The fighter jets took off from western Iran and conducted air strikes in Aleppo, Idlib and Deir el-Zor provinces.
As Moscow continues its aggressive behaviour towards Eastern Europe and expands its air campaign in support of President Bashar al-Assad in Syria, its ability to use its status as a Eurasian power to advance its foreign policy goals in these regions has gone virtually unnoticed by Western policymakers.
Russian President Vladimir Putin has leveraged Russian influence in one region to advance its interests in another. Three recent actions best demonstrate this.
The first demonstrator of such leverage is Russia’s use of the Caspian Sea for its operations in Syria. The Caspian Sea sits on a crucial crossroads located at the heart of the Eurasian continent and throughout history has had an important geopolitical significance for Russia.
Over the past several months Russian ships forming part of the Caspian Flotilla have fired dozens of cruise missiles hitting targets 1,500km away in Syria. Moscow chose the Caspian for these launches even though alternative sites much closer to Syria are available.
So why would Russia go through the extra trouble of launching from the Caspian? In reality, Russia’s use of the Caspian had very little to do with Syria itself and a lot to do with Russia’s role in the region.
These strikes proved to the other countries around the Caspian – a sea whose legal status and ownership of resources is disputed – that Russia is the dominant military power.
Also it allowed Russia to test both the cruise missiles and the corvette from which they were fired in a real-life combat setting.
Russia knows that it is easier to export “combat-tested” equipment and Moscow is eager to export both to boost its defence industry.
Second demonstrator was the recent announcement that Russia is using bases in Iran to carry out air strikes in Syria.
From strictly a military point of view this makes perfect sense. In the past, Russian bombers made the journey to Syria all the way from bases in the North Caucasus.
The extra fuel needed to make the long return trip meant that the planes carried fewer bombs. Using the Iranian airbase at Hamadan allows Russian bombers to be significantly closer to targets in Syria. This means more sorties and more bombs that can be dropped.
To the average Western observer, Russia's recent actions in the Caspian, Iran or its CSTO military exercise are viewed as three different and unrelated things. For Putin, Russia's actions in these three regions are parts of an interconnected and deliberate grand strategy.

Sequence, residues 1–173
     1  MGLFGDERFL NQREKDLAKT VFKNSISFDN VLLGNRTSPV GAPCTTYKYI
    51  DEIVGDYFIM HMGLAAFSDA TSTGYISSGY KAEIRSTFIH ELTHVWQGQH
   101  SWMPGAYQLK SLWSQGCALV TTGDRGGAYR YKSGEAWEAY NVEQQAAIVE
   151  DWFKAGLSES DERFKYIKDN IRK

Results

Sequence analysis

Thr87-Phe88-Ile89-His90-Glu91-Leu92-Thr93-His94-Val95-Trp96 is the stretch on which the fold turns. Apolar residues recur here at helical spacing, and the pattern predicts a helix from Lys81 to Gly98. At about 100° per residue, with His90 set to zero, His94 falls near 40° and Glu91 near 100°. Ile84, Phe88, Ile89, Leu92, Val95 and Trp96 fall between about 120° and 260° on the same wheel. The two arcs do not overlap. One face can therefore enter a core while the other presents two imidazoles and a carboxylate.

But more than that, Moscow and Tehran are sending a strong signal to Washington and the Arab Sunni world about their place in the ongoing competition for power and influence in the Middle East.
While the Russian use of the airbase may be temporary, it should be recognised as part of a long-term effort to promote a Moscow-Tehran-Damascus agenda in the Middle East.
Finally, last week Russia held the first ever Collective Security Treaty Organisation (CSTO) training exercises along the border of NATO.
The CSTO is a Moscow-led collective security organisation that includes Kazakhstan, Armenia, Belarus, Kyrgyzstan, and Tajikistan.
The fact that the CSTO held a major military exercise is nothing new. What is noteworthy, however, is that the exercise took place in Russia’s Pskov oblast, which borders NATO members Estonia and Latvia.
This is the first time that a CSTO training exercise has taken place so close to a NATO border. Unsurprisingly this training exercise has raised eyebrows across European capitals when considering some of the bellicose rhetoric coming from the Kremlin towards the Baltic states.
This CSTO training exercise indicates a number of things about Moscow’s influence in the former Soviet Union.
It is telling that Russia was able to get troops from Kazakhstan, Armenia, Belarus, Kyrgyzstan, and Tajikistan to participate in war games so close to NATO’s border. Especially for a country like Kazakhstan which itself has concerns about Moscow meddling in the northern part of the country where many ethnic Russians live.
What do these three recent events tell us about Russian foreign policy?
Putin is able to think strategically, using all hard and soft power tools to promote Russian foreign policy interests.
To the average Western observer, Russia’s recent actions in the Caspian, Iran or its CSTO military exercise are viewed as three different and unrelated things. For Putin, Russia’s actions in these three regions are parts of an interconnected and deliberate grand strategy.
Notwithstanding the possible violation of UN Security Council 2231 over Russia’s use of bases in Iran, there is nothing to suggest that any of these three actions were wrong.
Indeed, the United States and NATO do similar things. The US and its allies use air bases in the region to strike targets in Syria. And NATO holds exercises not far from Russia’s borders. As they say, imitation is the sincerest form of flattery.
It is when you place Russia’s recent activities into a larger context of regional aggression – such as in Ukraine – that there is cause for concern.
Luke Coffey is a research fellow specialising in transatlantic and Eurasian security at a Washington DC-based think-tank. He previously served as a special adviser to the British defence secretary and was a commissioned officer in the United States Army.
The views expressed in this article are the author’s own and do not necessarily reflect Al Jazeera’s editorial policies.